Posts Tagged ‘Ettore Ximenes’


Dante Alighieri Statue at Meridian Hill Park

Dante Alighieri is a public artwork by an Italian sculptor named Ettore Ximenes, and is a tribute to the major Italian poet of the Middle Ages of the same name, mononymously referred to as Dante.   It rests on a granite base, with the statue depicting a standing Dante wearing a robe and a laurel wreath on his head.  In his hands he is holding a copy of “The Divine Comedy,” his epic poetic trilogy depicting an imaginative and allegorical vision of the afterlife describes Dante’s journey through Hell (Inferno), Purgatory (Purgatorio), and Paradise (Paradiso).  Originally called Commedia and later called Divina by Giovanni Boccaccio, who wrote a biography of Dante.  The Divine Comedy is widely considered the preeminent work of Italian literature, as well as one of the greatest masterpieces of world literature.

Dante was a Medieval Italian poet, writer, political thinker and moral philosopher.  He known in In Italy as il Sommo Poeta, or “the Supreme Poet.”  He is also called the “Father of the Italian language.”  He was born in Florence in the year 1265.  Unfortunately, relatively little is known about his life.  Much of what is known of the writer comes from his essays and writings.  Dante did not write of his family or marriage, but it is known that he married Gemma di Manetto Donati, and they had several children, of whom two sons, Jacopo and Pietro, and a daughter, Antonia, are known.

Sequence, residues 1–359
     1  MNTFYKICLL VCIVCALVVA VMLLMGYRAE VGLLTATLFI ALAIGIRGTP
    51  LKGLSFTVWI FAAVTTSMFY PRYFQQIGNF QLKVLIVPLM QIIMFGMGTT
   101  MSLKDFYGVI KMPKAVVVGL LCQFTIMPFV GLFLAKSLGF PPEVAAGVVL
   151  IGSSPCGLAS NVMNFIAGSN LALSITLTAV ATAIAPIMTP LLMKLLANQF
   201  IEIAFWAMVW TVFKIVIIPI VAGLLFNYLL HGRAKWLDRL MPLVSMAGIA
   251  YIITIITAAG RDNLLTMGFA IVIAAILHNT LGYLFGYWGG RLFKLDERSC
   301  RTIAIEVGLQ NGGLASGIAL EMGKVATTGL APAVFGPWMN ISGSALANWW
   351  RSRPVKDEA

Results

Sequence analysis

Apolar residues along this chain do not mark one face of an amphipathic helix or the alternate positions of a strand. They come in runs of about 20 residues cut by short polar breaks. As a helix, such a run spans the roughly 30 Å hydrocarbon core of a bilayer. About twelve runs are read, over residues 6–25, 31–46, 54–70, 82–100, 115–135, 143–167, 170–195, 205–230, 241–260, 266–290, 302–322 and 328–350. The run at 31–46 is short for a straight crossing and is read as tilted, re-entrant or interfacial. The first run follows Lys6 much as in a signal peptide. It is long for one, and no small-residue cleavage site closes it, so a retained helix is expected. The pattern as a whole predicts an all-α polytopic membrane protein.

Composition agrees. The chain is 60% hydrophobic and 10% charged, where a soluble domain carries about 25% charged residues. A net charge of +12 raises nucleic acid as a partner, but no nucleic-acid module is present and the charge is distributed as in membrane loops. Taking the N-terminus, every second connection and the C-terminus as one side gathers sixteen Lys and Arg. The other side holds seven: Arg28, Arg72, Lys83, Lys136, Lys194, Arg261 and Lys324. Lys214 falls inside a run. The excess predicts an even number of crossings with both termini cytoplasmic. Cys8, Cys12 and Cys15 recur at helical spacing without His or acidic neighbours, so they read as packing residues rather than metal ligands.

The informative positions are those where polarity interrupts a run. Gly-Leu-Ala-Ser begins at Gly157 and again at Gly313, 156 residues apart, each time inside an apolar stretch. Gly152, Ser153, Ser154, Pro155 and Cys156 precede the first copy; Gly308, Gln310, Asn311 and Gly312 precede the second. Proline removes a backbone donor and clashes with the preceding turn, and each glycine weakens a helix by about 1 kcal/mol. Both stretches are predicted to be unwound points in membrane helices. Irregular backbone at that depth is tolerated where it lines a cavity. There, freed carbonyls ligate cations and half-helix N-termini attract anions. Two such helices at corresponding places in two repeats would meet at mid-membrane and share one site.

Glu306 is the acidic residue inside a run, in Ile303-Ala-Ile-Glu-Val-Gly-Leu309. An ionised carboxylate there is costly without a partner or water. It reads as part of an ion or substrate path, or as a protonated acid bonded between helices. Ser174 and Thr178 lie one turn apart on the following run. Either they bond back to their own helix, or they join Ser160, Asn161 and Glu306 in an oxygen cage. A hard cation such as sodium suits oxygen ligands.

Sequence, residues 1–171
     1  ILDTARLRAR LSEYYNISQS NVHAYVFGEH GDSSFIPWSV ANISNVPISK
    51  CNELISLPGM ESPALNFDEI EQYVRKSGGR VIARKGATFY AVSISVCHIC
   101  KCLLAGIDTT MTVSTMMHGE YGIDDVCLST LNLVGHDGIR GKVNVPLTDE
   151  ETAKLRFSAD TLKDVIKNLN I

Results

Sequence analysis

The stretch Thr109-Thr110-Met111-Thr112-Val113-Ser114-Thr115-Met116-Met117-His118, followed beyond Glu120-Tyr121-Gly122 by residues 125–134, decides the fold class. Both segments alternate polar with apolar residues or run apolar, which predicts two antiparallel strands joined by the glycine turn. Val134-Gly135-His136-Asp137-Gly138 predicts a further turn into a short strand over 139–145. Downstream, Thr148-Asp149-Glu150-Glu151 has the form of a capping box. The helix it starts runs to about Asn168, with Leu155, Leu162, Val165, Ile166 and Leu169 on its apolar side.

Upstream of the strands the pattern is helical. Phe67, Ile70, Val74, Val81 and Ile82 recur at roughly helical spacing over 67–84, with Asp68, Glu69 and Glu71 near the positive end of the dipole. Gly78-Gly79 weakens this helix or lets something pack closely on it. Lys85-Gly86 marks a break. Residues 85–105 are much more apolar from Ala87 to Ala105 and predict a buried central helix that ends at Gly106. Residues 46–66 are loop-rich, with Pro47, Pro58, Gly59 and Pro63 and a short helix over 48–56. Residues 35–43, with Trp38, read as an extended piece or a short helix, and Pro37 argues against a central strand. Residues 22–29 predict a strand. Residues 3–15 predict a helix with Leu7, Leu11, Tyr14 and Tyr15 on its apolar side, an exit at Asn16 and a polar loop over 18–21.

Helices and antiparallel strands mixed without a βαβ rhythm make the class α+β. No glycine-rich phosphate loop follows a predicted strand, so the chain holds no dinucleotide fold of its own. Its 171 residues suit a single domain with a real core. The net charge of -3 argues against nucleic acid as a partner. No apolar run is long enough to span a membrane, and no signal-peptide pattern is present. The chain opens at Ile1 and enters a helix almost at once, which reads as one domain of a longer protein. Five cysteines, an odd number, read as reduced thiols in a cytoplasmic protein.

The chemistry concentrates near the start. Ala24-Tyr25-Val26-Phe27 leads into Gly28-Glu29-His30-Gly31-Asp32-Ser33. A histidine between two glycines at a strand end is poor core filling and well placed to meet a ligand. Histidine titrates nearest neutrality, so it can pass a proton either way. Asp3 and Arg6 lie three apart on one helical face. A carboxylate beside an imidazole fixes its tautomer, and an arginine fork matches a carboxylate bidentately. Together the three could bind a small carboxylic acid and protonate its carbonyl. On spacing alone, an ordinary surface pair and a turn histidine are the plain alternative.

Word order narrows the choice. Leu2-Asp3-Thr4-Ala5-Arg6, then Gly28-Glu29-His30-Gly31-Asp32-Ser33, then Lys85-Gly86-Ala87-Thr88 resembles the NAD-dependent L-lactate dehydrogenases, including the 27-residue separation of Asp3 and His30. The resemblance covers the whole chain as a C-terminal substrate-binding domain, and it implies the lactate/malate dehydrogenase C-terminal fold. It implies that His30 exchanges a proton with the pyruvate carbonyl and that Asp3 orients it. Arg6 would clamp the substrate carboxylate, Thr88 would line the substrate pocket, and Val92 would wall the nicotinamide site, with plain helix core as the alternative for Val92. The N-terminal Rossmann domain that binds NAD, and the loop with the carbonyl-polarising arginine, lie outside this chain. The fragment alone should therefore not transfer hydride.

Dante Alighieri is a casting of an identical statue located at Dante Park in New York City, and was donated to the city of D.C. as a “gift of the Italians of the United States” by Carlo Barsotti, the founder of Dante Park and editor of Il Progresso Italiano-Americano, an Italian-language daily newspaper published in the United States at that time.

On this bike ride, I rode to see the statue, which is located at the southeast corner of Meridian Hill Park, which is located in northwest D.C.’s Columbia Heights neighborhood, on land bordered by 15th, 16th, W, and Euclid Streets (MAP).  It was dedicated at that location in December of 1921, in a ceremony attended by numerous dignitaries, including President Warren G. Harding and his wife, Florence, who may or may not have been named after the city where Dante was born.